15 March 2005

Let's see. There is the top job for UNDP; UN High Commissioner for Refugees; Commissioner of UNRWA; Under-Secretary General for Administration and Management; Under-Secretary General for Political Affairs; Office of Internal Oversight Services (OIOS) to replace Dileep Nair, and possibly another department head who does not know it yet. There are also two senior regional posts coming up soon: executive secretaries for economic and social commissioner for Western Asia in Beirut and for Asia and the Pacific in Bangkok.

UNCTAD was up in the air until the surprise appointment of S. Panitchpakdi, the Thai director of the World Trade Organization. The swiftness of that designation after a six month delay may be due to the fact that there is a serious candidate interested not in UNCTAD, but in WTO post which the astonished Thai had to vacate. Diplomatic sources have it that former European trade negotiator Bernard Lamey is angling for it, now that he has more time on his hands. The earnest and influential Frenchman has had an interesting working relationship with his American counterpart at the time -- Robert Zoellick. Now that Mr. Zoellick moved to the number two post in the State Department, he will be in a position to extend a supportive tennis shoulder to his competitive playing partner. These days, a brief telephone to New York will do. There are already other candidates for WTO, four to be precise. But Monsieur Lamey is way ahead in stature, background, and track record.

Now that the field is wide open, several donor countries are jockeying for the post of Administrator of the UN Development Programme (UNDP). It used to be limited to U.S. citizens until the current Administrator, new Chief of Staff Mark Malloch-Brown, a U.K. citizen, was appointed. Already Norway presented its Minister of International Development Hilde Frafjold Johnson, who was born in Tanzania to missionary parents and speaks Swahili. The drawback is that there are at least two senior Norwegians at the level of Under-Secretary General, Jan Egeland and Terje Larsen (who was said to be leaving but shows no sign of it). The Brits don't want to lose that slot and have supplied a formidable candidate: Valerie Amos, the first black leader of the Upper House of Parliament and a prominent development advocate. But there are already three senior Brits in key positions: MMB; Sir David Vessens, the New Security Czar; and Sir Kieran Prendergast (who was said to be leaving but apparently not yet).

As usual, there is always Ahtisaari, former President of Finland and former boss of the current Secretary General. Clearly, the Horn of Africa is not adequate enough and Finland is one of the most generous countries to the UN without seeking or getting anything in return. The fact that the process is now open to all by invitation from the Secretary General may mean that a) Mr. Annan already has someone in mind and would wish to show that the selection was made in the most transparent manner, b) that the selection may be a surprise and/or c) that Mr. Malloch-Brown will be looking also after UNDP for awhile. All that speculation however may come to a swift end if the U.S. government puts its foot down and insisted on its candidate. In these days of self-survival, it would be an offer Mr. Annan could not refuse. Greece has put forward the name of its European Commissioner for Environment Stavros Dimas. That would be the first Greek in a senior position since 30 years.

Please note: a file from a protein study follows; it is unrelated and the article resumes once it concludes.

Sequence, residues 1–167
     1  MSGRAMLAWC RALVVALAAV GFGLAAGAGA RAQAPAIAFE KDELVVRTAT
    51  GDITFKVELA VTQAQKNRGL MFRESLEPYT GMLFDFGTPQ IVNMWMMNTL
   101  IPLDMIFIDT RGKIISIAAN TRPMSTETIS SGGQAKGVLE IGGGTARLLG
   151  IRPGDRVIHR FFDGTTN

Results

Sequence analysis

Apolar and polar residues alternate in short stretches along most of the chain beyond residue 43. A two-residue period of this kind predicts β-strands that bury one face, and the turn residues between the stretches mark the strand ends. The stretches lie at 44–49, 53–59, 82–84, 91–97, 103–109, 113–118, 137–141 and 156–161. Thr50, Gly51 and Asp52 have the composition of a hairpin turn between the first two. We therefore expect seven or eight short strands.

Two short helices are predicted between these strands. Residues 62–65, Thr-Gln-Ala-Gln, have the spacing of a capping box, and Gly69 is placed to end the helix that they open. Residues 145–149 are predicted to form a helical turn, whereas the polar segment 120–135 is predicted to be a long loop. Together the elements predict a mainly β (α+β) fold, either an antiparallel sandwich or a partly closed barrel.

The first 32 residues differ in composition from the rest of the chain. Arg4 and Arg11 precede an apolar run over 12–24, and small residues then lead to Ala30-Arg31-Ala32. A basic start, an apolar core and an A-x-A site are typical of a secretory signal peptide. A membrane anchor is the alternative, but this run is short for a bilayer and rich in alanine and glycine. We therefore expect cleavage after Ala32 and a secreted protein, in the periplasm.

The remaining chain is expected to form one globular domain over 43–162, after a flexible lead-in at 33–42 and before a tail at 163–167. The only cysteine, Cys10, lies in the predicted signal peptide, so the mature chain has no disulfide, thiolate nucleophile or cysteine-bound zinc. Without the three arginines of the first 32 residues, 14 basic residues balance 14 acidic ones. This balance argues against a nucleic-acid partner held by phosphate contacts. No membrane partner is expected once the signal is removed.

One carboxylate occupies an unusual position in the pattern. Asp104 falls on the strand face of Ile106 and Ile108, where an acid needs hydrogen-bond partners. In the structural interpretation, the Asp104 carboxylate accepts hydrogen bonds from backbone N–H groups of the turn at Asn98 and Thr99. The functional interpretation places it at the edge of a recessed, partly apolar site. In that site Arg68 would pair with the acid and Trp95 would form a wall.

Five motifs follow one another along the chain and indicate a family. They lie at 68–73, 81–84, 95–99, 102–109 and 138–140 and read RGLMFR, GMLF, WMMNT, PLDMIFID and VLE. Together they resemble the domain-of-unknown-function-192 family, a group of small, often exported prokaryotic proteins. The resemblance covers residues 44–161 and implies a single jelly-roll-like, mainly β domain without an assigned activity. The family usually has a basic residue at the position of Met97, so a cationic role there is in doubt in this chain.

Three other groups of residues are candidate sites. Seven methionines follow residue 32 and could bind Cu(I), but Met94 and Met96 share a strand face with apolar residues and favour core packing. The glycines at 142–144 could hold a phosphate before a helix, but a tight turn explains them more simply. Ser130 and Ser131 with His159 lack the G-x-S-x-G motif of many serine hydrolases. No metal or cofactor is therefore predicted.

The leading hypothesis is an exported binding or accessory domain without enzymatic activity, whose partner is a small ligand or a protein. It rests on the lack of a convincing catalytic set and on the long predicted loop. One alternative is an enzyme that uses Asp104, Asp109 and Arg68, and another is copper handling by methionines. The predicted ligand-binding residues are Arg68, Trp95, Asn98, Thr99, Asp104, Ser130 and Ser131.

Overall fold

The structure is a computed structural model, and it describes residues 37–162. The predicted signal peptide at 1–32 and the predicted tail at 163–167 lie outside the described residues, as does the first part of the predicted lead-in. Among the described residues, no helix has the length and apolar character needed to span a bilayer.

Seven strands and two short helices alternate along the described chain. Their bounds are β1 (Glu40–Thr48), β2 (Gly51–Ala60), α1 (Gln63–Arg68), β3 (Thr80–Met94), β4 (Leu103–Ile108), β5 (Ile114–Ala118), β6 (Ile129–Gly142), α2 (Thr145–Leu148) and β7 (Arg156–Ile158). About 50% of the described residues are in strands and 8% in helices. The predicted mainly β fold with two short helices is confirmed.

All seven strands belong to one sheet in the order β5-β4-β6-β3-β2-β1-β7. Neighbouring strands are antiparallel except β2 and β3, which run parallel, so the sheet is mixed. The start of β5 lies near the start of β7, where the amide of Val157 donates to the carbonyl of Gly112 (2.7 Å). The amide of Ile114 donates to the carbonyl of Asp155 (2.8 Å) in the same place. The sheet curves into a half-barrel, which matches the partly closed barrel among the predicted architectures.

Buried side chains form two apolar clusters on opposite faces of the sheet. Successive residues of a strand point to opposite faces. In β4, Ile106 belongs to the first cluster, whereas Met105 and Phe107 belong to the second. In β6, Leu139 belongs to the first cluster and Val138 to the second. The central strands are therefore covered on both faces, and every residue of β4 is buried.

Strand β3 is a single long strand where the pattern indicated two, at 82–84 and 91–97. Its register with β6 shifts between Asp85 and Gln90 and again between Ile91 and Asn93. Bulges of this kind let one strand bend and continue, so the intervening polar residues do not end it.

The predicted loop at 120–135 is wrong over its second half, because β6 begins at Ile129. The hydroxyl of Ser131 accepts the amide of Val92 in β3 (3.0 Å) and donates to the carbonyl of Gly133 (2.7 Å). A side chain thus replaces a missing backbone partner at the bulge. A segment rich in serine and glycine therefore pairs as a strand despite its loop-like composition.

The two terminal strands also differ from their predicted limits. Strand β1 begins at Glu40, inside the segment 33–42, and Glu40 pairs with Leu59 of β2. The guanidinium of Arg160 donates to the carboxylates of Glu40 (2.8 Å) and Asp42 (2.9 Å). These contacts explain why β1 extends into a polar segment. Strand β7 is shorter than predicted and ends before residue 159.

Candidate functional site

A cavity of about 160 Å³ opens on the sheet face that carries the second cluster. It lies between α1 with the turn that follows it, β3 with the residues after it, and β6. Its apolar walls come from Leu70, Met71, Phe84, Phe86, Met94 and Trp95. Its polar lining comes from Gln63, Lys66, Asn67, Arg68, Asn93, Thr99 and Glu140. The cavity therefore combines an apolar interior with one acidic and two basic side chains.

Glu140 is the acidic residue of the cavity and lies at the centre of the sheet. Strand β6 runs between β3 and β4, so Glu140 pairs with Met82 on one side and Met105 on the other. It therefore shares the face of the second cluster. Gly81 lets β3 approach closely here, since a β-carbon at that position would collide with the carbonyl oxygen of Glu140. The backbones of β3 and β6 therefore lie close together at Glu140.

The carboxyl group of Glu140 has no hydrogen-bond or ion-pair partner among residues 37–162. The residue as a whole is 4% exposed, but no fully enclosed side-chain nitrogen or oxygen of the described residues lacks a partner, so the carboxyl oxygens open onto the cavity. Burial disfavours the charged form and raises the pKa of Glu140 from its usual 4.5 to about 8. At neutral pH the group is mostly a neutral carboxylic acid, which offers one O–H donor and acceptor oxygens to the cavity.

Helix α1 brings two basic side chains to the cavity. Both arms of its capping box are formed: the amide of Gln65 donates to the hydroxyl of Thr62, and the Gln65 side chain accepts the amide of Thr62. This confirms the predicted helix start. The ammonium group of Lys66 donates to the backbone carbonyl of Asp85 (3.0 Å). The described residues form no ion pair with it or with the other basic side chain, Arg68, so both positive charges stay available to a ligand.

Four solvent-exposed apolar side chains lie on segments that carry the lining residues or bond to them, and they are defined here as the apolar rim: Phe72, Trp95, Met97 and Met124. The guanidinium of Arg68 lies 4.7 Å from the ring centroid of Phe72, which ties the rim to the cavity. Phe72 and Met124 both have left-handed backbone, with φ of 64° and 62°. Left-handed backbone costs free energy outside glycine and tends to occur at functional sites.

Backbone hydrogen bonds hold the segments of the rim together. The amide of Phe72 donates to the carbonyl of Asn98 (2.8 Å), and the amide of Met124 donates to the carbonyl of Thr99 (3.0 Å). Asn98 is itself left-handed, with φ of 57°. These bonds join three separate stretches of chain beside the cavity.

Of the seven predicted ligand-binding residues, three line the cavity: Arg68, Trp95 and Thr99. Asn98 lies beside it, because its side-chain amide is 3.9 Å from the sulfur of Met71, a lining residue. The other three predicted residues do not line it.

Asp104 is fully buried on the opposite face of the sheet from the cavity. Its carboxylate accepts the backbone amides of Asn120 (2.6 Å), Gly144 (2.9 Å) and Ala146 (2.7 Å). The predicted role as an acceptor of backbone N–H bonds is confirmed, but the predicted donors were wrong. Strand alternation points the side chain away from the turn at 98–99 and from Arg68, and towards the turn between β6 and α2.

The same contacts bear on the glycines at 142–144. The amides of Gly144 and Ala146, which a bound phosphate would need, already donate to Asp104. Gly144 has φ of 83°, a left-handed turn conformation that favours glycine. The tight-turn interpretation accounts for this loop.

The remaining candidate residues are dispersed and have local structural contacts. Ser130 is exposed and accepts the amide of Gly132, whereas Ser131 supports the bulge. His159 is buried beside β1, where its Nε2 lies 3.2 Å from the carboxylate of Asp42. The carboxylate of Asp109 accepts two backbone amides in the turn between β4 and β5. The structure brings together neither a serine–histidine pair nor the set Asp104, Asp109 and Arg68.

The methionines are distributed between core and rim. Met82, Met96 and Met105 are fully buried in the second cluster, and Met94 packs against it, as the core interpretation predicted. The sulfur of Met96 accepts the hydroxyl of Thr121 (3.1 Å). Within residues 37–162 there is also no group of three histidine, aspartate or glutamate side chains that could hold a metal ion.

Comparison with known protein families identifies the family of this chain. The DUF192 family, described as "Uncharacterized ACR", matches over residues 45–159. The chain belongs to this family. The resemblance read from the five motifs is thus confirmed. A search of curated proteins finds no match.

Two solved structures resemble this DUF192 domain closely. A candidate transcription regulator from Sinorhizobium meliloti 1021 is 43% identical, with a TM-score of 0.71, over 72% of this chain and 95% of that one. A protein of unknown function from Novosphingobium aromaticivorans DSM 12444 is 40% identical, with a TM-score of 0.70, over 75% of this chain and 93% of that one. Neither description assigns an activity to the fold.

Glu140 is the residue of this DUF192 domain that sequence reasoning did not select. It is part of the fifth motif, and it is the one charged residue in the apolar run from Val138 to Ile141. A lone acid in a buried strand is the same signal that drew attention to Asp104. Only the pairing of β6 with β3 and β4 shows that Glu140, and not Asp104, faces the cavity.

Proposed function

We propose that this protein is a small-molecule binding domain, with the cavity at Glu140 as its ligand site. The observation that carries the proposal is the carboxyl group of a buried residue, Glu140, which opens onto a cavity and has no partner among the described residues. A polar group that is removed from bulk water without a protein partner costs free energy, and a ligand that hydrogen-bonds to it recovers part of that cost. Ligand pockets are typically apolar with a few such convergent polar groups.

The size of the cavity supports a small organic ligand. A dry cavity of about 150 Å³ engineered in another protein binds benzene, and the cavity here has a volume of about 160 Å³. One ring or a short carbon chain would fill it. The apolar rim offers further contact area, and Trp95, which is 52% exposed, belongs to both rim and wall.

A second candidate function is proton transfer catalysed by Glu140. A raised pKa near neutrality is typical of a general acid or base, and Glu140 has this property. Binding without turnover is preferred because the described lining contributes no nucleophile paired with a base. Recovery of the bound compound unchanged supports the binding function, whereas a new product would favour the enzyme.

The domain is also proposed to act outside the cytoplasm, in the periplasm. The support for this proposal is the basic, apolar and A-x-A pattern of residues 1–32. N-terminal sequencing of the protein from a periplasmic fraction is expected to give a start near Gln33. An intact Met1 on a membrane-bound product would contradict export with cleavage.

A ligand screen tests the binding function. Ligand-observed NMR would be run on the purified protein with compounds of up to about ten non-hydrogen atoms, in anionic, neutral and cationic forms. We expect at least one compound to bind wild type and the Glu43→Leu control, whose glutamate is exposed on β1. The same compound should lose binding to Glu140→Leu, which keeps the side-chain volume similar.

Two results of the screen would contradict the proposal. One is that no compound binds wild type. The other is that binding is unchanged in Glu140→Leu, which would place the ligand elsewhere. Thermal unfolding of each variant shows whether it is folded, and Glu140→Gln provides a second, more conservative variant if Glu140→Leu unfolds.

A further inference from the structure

Replacing the High Commissioner for Refugees seems to be almost in the clear. Sweden has put up the name of Hans Dahlgren, one of its top notch diplomats. Dahlgren made an impressive tour of duty in New York where he clearly upheld the Swedish tradition of an unflinching commitment to international legitimacy. By now, he has the overall support of the European community. One other candidate would have been Jan Prock, who had sought the job earlier with European support but he is now fully preoccupied over Darfur.

The UNRWA post will have to be announced soon. Peter Hansen's contract ends up in March and the Secretary General declined his offer to continue. Maybe Annan will consult on this post with the Israelis and Palestinians during his visit to the Holocaust commemoration. As mentioned in previous issues, two fairly junior officials seeking it are Steffan Demistura who seemed to disappear totally from Beirut and a Norwegian working in the Political Department. Which brings us to Sir Kieran Prendergast, whose posting to the Middle East was thrown in doubt. A European may be the most likely replacement, and not an American as was fleetingly rumoured. The Americans reportedly want to keep the post of Under-Secretary General for Administration and Management. When Ms. Catherine Bertini prepares to leave -- at her own pace within months as she initiated her own departure -- a proposal from Washington will arrive.

For the OIOS post replacing Dileep Nair, the frontrunner is reportedly from South Africa -- but last word was he may no more be interested after all these negative reports on the incumbent.

So many senior jobs. So many seekers. And its all for about two, three years maximum. A new Secretary General will wish to appoint his own team. Meanwhile, may the best candidates win -- for the Secretary General's credibility and for the sake of a struggling United Nations.